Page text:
Accept the design team consensus and work to make it successful: Some compromise by each member is almost always necessary in any team activity. That's why we work as a team instead of one or more individuals. In this age of ongoing technological development, no single member can have a complete vision of the best overall solution. To achieve that view, the team needs to work together and individuals need to develop the perspectives required to embrace the common vision. This is a process that inevitably requires some adjustment by each team member. When developing designs that incorporate new technologies, it is essential that all design team members cooperate to their fullest to understand and support the less certain attributes of those newer technologies incorporated into the design.
From a technical perspective, this list is quite intuitive, but because of the unique personality each of us have, elements of good and effective communication can easily become compromised. That's the reason I refer myself to these rules when I work with team members that are new to me.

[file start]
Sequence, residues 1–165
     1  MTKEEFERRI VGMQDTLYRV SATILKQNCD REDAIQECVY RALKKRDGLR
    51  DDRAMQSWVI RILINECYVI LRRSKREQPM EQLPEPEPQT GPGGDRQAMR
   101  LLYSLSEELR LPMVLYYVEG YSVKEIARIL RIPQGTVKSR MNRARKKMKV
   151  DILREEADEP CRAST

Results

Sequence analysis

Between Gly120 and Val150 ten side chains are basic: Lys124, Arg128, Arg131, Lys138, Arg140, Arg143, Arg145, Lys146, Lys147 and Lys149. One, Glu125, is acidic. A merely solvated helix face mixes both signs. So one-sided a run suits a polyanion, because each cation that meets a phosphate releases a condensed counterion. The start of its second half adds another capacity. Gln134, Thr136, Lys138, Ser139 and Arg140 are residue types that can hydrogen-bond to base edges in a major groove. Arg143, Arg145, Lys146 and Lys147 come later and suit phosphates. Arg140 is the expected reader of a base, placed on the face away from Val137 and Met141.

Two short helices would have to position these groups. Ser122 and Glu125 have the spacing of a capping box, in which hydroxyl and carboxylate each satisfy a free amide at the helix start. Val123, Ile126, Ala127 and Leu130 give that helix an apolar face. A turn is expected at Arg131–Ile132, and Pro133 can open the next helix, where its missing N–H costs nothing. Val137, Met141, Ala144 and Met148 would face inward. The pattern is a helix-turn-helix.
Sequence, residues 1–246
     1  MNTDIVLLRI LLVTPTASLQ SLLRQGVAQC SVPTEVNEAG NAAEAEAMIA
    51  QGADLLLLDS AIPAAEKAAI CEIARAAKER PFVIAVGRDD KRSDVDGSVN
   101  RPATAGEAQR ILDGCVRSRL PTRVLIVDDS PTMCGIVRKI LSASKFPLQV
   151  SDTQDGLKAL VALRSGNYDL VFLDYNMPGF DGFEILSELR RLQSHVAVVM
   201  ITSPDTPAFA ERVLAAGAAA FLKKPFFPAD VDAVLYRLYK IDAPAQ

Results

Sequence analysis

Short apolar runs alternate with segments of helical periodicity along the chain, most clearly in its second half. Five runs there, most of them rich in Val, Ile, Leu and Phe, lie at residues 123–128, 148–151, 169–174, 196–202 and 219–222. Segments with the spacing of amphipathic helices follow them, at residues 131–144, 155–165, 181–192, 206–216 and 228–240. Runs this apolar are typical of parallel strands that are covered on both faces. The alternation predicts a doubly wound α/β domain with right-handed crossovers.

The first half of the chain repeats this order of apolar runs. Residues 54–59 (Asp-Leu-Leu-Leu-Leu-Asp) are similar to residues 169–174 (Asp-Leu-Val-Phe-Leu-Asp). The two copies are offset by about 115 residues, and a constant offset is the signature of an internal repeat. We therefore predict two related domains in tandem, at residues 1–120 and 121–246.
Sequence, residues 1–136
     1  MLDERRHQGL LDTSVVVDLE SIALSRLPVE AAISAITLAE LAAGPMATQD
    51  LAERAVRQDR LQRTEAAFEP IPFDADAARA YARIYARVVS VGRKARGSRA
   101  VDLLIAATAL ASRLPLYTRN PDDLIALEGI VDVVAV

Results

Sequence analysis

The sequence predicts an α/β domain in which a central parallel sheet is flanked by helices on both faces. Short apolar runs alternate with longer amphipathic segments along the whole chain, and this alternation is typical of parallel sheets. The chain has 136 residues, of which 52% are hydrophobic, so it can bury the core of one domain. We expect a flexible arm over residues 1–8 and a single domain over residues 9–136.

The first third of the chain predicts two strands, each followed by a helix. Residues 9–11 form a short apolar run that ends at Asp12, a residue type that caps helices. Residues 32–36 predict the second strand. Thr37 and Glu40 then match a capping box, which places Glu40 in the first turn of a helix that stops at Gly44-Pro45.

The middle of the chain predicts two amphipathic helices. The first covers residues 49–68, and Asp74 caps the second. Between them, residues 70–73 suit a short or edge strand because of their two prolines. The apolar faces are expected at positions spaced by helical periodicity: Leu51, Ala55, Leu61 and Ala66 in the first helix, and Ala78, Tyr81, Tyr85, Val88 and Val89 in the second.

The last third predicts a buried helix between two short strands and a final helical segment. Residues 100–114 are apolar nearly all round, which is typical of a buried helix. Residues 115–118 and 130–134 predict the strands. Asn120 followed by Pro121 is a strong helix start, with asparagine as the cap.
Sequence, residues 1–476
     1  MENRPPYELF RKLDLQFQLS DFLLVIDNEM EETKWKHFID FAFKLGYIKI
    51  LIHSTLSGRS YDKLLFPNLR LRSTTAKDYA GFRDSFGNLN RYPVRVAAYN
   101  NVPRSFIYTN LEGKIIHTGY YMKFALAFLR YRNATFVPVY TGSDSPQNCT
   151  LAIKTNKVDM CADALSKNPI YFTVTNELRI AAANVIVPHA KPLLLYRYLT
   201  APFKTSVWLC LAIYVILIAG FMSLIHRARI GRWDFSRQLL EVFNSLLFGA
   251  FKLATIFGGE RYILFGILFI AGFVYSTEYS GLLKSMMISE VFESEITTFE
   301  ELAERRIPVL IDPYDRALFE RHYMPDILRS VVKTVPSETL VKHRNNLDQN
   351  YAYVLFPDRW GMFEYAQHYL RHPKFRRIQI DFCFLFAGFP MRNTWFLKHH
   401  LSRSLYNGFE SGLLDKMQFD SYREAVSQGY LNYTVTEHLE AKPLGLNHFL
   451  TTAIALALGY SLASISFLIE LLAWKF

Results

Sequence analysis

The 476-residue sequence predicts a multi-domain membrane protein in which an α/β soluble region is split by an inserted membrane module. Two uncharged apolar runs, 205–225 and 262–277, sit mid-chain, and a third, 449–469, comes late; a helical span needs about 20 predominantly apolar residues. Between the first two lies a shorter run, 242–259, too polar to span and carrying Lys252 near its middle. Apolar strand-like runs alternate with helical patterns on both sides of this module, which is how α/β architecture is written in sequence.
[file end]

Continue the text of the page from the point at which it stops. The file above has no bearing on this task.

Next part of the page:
So the most important rule for effective team communication I have is this: Keep personalities of the team members in perspective! Don't ever let team members' personalities override the technical merits of any design development. Taking a moment to think before responding is often wise. Acknowledging from time to time, especially in difficult discussions, that we may not be as tactful as we would like to be will often help keep such discussions on technical merits rather than permit the focus to switch to personalities which is always a dead end path. In the end, so long as the different personalities of the team members do not become an issue, maintaining effective design team communications is surprisingly easy to accomplish!